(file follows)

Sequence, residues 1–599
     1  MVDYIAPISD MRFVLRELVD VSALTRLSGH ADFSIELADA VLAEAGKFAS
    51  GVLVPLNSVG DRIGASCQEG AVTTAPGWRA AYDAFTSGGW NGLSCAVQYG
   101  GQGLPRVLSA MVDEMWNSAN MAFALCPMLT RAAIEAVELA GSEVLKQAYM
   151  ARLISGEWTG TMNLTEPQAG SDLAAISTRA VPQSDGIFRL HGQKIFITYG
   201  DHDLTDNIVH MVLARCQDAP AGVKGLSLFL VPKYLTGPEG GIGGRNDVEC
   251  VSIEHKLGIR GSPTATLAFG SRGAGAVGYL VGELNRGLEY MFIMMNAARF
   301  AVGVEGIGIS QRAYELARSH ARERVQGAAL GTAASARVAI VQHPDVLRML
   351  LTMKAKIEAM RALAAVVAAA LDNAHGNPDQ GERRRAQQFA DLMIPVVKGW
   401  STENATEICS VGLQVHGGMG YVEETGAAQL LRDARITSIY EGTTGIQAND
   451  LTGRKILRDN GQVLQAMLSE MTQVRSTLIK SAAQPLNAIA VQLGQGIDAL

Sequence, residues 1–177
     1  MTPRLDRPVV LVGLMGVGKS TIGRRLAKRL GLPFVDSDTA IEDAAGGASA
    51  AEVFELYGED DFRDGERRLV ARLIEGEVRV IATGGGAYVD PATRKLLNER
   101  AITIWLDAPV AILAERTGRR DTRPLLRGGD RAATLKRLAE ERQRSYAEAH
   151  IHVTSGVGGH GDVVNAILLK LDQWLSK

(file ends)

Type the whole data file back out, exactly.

Sequence, residues 1–599
     1  MVDYIAPISD MRFVLRELVD VSALTRLSGH ADFSIELADA VLAEAGKFAS
    51  GVLVPLNSVG DRIGASCQEG AVTTAPGWRA AYDAFTSGGW NGLSCAVQYG
   101  GQGLPRVLSA MVDEMWNSAN MAFALCPMLT RAAIEAVELA GSEVLKQAYM
   151  ARLISGEWTG TMNLTEPQAG SDLAAISTRA VPQSDGIFRL HGQKIFITYG
   201  DHDLTDNIVH MVLARCQDAP AGVKGLSLFL VPKYLTGPEG GIGGRNDVEC
   251  VSIEHKLGIR GSPTATLAFG SRGAGAVGYL VGELNRGLEY MFIMMNAARF
   301  AVGVEGIGIS QRAYELARSH ARERVQGAAL GTAASARVAI VQHPDVLRML
   351  LTMKAKIEAM RALAAVVAAA LDNAHGNPDQ GERRRAQQFA DLMIPVVKGW
   401  STENATEICS VGLQVHGGMG YVEETGAAQL LRDARITSIY EGTTGIQAND
   451  LTGRKILRDN GQVLQAMLSE MTQVRSTLIK SAAQPLNAIA VQLGQGIDAL

Sequence, residues 1–177
     1  MTPRLDRPVV LVGLMGVGKS TIGRRLAKRL GLPFVDSDTA IEDAAGGASA
    51  AEVFELYGED DFRDGERRLV ARLIEGEVRV IATGGGAYVD PATRKLLNER
   101  AITIWLDAPV AILAERTGRR DTRPLLRGGD RAATLKRLAE ERQRSYAEAH
   151  IHVTSGVGGH GDVVNAILLK LDQWLSK